Let's explore some of the technologies that are crucial for OEMs:

Robotics for process automation

By leveraging robots to perform repetitive tasks, OEMs can create a collaborative environment to ensure that human abilities are enhanced. This will bring in the necessary automation to ensure that errors are kept to a minimum while quality is maintained, as robots can repeat the process numerous times without tiring out. These robots will not replace humans but rather work together with them; hence, they are called cobots. The focus of Industry 5.0 is on building a collaborative ecosystem for humans and robots to work together.

Another advantage offered by this approach is improved workforce safety as dangerous tasks are accomplished by robots.

AI and ML for process optimisation

Integrating any form of technology to create smart factories means large amounts of data being generated. This data is a gold mine of information, and this is where AI and ML come in. AI can be used for ML solutions where neural networks can analyse data faster, better, and more accurately for decision-making. One of the biggest advantages of this is predictive maintenance, which helps optimise the manufacturing process. This can be as simple as predicting machine failure, which will allow OEMs to get ahead of this bottleneck and thereby reduce downtime. Some of the other benefits of AI and ML in manufacturing include demand forecasting, reduced waste of raw materials, and improved supply chain efficiency.

• Cloud-native systems for agility and scalability

Cloud-native systems are key to integrating everything in the manufacturing process. Designed to run on the cloud, these systems can be integrated with existing systems without redesigning current applications. It can be deployed faster with lower downtime and can be accessed from across the globe within a company for real-time updates. This allows OEMs to scale their production up or down as per demand and add more sections as the business expands without compromising on data security. As they are built for speed and scale, cloud-native systems are a key aspect for OEMs looking to expand while reducing costs and without any impact on the quality of the goods being produced.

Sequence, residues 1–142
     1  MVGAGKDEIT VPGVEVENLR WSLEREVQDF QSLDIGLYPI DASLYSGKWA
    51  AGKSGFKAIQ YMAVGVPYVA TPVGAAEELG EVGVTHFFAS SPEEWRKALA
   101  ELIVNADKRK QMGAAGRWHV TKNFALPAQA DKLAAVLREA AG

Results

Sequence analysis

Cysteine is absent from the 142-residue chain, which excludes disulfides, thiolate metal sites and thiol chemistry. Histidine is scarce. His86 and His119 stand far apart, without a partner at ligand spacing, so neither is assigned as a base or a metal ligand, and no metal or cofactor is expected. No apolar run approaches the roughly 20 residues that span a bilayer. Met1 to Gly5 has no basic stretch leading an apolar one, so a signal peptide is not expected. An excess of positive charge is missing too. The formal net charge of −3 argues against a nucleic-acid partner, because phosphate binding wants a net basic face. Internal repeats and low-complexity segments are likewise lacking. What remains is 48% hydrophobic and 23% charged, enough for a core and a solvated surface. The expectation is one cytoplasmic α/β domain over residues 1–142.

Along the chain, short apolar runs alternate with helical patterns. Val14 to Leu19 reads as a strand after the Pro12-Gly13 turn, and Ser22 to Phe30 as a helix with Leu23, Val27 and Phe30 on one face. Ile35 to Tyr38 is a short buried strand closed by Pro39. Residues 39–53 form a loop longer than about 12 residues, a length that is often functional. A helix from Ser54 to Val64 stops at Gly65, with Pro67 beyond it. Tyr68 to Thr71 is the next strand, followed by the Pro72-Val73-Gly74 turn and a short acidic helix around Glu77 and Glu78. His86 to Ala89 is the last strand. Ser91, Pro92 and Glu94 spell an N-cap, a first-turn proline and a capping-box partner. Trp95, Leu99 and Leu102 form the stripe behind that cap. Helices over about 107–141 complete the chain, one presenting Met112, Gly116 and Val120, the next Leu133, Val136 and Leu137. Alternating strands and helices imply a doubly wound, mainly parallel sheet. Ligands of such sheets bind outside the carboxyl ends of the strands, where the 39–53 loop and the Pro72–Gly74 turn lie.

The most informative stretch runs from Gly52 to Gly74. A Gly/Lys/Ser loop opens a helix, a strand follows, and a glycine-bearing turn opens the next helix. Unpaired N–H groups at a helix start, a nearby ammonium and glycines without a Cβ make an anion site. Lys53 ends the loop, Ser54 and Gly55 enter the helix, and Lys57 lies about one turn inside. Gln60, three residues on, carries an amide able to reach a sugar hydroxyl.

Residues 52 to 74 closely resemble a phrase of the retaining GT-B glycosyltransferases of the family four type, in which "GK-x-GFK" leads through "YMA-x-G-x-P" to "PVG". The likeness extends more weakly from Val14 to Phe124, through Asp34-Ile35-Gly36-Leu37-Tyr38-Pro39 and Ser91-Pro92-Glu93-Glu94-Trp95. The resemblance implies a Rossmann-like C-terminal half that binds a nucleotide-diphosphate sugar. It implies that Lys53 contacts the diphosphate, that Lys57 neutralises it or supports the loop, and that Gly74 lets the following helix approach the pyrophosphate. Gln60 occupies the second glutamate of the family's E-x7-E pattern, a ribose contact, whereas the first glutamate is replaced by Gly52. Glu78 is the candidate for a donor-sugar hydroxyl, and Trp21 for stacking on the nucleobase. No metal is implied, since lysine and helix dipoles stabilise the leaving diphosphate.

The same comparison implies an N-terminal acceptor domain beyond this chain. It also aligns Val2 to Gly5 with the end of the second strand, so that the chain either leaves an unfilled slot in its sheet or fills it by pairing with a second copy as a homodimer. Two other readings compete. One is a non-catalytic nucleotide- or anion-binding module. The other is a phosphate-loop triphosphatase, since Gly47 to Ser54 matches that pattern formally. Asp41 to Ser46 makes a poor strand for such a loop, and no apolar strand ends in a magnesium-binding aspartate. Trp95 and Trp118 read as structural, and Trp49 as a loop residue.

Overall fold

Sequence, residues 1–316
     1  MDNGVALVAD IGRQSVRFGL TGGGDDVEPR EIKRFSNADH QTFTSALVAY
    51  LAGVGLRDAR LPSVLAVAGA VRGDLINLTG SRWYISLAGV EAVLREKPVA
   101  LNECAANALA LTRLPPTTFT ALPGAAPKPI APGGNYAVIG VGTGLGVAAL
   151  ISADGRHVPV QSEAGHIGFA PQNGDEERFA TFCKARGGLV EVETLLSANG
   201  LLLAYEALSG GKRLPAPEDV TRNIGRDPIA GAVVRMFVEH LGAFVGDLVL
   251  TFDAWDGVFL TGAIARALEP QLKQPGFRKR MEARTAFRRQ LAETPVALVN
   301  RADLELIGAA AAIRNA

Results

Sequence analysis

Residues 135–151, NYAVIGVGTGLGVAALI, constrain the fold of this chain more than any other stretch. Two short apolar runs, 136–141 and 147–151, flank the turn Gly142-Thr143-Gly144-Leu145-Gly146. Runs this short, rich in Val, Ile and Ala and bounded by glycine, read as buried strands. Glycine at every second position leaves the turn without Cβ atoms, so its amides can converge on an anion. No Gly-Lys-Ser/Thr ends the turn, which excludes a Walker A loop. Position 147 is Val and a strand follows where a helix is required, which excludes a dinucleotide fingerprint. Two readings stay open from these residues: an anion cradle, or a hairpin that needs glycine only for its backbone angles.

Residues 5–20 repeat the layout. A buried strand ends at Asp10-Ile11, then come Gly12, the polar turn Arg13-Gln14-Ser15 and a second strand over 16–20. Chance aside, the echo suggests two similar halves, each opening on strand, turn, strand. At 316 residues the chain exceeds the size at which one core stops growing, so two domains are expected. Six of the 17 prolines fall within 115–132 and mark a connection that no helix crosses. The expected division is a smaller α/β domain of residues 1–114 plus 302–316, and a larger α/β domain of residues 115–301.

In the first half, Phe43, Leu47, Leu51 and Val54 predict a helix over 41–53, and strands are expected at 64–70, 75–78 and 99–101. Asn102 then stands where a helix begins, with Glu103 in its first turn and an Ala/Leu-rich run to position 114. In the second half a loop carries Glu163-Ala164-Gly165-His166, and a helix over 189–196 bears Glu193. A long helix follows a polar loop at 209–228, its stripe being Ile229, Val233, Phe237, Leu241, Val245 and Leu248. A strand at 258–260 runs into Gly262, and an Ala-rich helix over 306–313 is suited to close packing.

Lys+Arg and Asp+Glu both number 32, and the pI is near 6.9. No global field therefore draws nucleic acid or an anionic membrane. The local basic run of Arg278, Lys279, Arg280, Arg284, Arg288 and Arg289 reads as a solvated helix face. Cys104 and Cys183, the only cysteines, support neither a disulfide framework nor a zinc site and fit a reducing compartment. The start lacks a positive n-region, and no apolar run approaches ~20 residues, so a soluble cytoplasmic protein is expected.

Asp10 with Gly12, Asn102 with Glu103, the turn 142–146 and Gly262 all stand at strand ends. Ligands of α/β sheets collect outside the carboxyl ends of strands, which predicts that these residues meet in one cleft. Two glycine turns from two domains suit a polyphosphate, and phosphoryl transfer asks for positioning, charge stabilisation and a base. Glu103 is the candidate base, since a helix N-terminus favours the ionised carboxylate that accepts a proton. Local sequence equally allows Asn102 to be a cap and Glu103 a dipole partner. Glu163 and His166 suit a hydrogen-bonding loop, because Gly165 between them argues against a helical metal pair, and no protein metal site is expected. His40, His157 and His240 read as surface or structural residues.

Dawn of a New Era of Smarter Factories

Quality and cost minimisation are two key phrases that drive digital transformation in the manufacturing sector. Before getting started on the journey of transitioning to smarter factories, OEMs must conduct research and collaborate with partners who understand current challenges, scalability, cost-effectiveness, and the potential for integrating innovation and compatibility with current systems. This will help in eliminating any redundancies while integrating the system. OEMs in India are pushing for automation and a transition to smart factories. It is both timely and crucial, as it helps align India's manufacturing industry with its global counterparts and be future-ready while being environmentally sustainable.